The world is experiencing another pandemic of non-infectious disease like hypertension, diabetes and cancers which is killing more people silently; Dr Anarfi Asamoa-Baah, Presidential Coordinator for Ghana’s COVID-19 Response stated in Accra on Tuesday.
Speaking at the opening of the 72nd Annual New Year School and Conference Dr Asamoa-Baah said these diseases do not receive much attention like the infectious disease because they kill slowly.
He said Ghanaians for instance are sitting on a time bomb and walking into a disaster slowly as more people have become overweight, a major risk factor in developing diabetes and hypertension.
Dr Asamoa-Baah said level of overweight in Ghana is growing exponentially, as most young people have adopted unhealthy eating habits, like eating a lot of junk foods such as Pizzas, noodles and more surgery drinks.
“They eat too much salt, they don’t like vegetables, fruits, they don’t engage in enough physical activities, they don’t drink enough water and don’t sleep enough, so in a way we are breeding a generation of Ghanaians who will have hypertension and diabetes with severe consequences for all of us,” he said.
He said Ghana needs to be prepared to detect unusual events in real time by investing seriously in laboratory works, saying ‘the time has come for us to take all aspects of laboratory works more seriously than we have done in the past’ .
He said Ghana’s biggest challenge in tackling the pandemic was the inability to communicate to the public effectively.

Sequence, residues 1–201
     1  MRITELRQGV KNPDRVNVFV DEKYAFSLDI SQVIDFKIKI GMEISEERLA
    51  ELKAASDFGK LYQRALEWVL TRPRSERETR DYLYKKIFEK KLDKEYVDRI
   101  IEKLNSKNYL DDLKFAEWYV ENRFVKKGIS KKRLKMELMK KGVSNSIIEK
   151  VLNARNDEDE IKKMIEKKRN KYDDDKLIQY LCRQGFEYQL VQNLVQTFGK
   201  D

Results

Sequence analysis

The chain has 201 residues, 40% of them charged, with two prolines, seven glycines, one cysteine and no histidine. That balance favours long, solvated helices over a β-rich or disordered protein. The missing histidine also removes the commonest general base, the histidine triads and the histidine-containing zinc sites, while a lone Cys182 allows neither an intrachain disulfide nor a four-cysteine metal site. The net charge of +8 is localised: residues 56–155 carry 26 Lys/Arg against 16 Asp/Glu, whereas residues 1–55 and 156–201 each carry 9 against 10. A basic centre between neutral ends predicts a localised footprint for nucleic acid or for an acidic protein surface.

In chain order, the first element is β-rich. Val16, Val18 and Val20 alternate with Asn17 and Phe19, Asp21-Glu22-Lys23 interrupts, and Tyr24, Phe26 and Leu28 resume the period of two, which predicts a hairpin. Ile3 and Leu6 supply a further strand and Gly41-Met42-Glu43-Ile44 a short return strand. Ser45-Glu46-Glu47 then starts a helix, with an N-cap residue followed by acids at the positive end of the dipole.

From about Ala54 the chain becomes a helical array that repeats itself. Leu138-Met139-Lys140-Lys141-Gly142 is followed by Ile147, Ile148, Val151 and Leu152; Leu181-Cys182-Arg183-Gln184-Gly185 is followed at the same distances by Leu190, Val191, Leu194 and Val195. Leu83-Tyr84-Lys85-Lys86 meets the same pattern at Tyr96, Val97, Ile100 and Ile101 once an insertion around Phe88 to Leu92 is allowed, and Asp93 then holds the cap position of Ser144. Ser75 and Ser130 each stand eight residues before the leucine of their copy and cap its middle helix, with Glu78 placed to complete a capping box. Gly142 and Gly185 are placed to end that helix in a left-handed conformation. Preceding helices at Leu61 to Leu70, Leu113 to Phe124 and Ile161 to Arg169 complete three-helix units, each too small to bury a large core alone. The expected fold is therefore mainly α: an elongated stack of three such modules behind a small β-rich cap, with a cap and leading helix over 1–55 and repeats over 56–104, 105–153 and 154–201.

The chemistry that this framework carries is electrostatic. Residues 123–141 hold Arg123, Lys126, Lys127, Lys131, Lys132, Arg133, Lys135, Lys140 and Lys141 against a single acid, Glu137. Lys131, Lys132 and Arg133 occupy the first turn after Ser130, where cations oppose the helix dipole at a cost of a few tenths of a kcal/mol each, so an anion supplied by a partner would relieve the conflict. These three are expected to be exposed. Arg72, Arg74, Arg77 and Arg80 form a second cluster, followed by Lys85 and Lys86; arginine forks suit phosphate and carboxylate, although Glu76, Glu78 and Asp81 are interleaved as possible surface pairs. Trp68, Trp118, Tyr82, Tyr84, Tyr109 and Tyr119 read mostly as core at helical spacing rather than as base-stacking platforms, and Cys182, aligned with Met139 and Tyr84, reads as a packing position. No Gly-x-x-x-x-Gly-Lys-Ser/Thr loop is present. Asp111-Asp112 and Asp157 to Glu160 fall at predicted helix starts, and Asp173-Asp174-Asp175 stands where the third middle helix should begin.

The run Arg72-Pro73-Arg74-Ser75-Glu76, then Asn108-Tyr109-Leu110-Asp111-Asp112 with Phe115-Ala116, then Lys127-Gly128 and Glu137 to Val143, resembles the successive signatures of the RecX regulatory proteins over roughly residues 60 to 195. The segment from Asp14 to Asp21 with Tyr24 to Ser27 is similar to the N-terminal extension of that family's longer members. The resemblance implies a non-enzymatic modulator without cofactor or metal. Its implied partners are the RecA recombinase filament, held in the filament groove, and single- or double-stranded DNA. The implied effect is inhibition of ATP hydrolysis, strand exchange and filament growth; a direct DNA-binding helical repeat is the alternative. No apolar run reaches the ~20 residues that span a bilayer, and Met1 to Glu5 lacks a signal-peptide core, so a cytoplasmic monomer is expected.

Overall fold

However, COVID-19 he said presents Ghanaians an opportunity to learn, challenge the status quo, think outside the box and discover their purpose as a people.
He stressed the need “for Ghana to take a second look at its concept of health, change its approach to health and invest more into health systems; human, animal and environmental health.
“As a nation a lot of our intervention goes into sickness care and not how to prevent the public from being sick, this calls for an understanding of health and your health, as people’s health are determined by many conditions”.
Dr Asamoa-Baah called on individuals to pay attention to their spiritual health, adding that, “it is not by accident that people seeks prayers when they get sick”.
He said live is becoming more stressful for many people and depression is common among the youth, hence the need for all to focus on their mental health and wellbeing.
He stressed the need for the media to be empowered with health literacy to be able to communicate ‘health’ to the public effectively.